Air India is much maligned for its poor state of affairs. It loses a staggering amount of money each year, due to political interference, a bloated and inefficient workforce, corruption, and incompetence/mismanagement.
Political interference manifests itself in many ways. Firstly, Air India deals with incredible inefficiency because of the procedures it must deal with as a PSU. A timeless read on this topic is Jitender Bhargava’s “The Cost of Being a PSU.” A good example of this cost is the recent Boeing 787 fiasco. Delays due to various ministries are not acceptable. If the government expects Air India to be run as a business, it must be permitted to act as a business. Once the board has approved compensation and delivery, the matter should be finished.
Political interference can also be found in Air India’s route choices, Air India’s lack of freedom in hiring/firing employees (hence bloated and inefficient workforce), and corruption throughout the system. A recent audit report on the corruption in the Ministry of Civil Aviation can be found here. It is really mind numbing to see how much Air India is hurt by government corruption.
However, Air India is unlikely to be privatized in the near future for a few reasons. Firstly, it’s unlikely that a private investor would want to touch AI in the condition it is in. And secondly, it’s unlikely that the government mantris will want to give up one of their playthings. So, with the reality of state-ownership set in, the government should look at how the Maharaja can be better utilized to fulfill State objectives.
Air India already does carry out many functions for the government. Air India is extensively used for armed forces and government charters. The president of India flies exclusively on Air India, and AI does not get compensated properly for such flights. Government estimates show that current president Pratibha Patil’s travels have costed Air India almost 170 crores. Air India is also required to keep slack in the schedule for last minute government routing changes, a significant cost to AI.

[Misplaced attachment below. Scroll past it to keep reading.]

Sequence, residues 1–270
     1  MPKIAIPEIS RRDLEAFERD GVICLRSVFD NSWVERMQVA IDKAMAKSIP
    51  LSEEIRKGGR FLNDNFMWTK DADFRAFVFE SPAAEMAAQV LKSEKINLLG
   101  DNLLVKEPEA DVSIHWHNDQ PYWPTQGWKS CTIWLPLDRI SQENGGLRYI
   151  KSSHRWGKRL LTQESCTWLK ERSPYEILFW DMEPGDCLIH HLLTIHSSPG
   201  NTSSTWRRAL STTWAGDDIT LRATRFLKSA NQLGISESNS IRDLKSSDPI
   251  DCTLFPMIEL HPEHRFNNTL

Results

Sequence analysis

However, there are ways in which the government can take advantage of Air India’s capabilities without destroying AI’s profitability. In order to better understand some of these possibilities, we can look at 2 better-run flag carriers – Air China, and Turkish Airlines.
Air China is the official flag carrier and one of many state-owned carriers in China. The airline is, according to the Chinese government, the largest airline in the world by market capitalization, and the most profitable carrier in the world. It is extremely difficult to believe the latter, since Air China is rather inefficient, and it doesn’t command very high yields. Regardless, Air China is doing far better than our own Air India, and there are some lessons that can be learned from it.
Any airline’s biggest asset is its route network. Commercial air service has a variety of positive benefits – it increases both economic and political ties between the cities served, and can be of great strategic value.
Air China serves many routes which serve a strategic purpose. The most notable is service on the Beijing-Pyongyang sector – Air China is the only non-DPRK carrier to fly to DPRK. This service strengthens ties between the Chinese and North Korean governments and economies, and helps China keep its neighbors close. Air China also serves Ulaan Bator, the capital of Mongolia. This destination keeps the Mongols close to the Chinese.
However, destinations don’t need to make less commercial sense to have strategic importance. Air China’s services to neighbors like South Korea, Japan, Taiwan, and Vietnam all are very profitable in addition to their strategic importance.
The Chinese state-owned carriers not only keep their own neighbors close, but they also project China’s diplomatic power throughout the world. Apart from Bhutan (which only Bhutanese carriers serve), every neighbor of India has service by a Chinese carrier, an important part of China’s strategy to surround India with allies.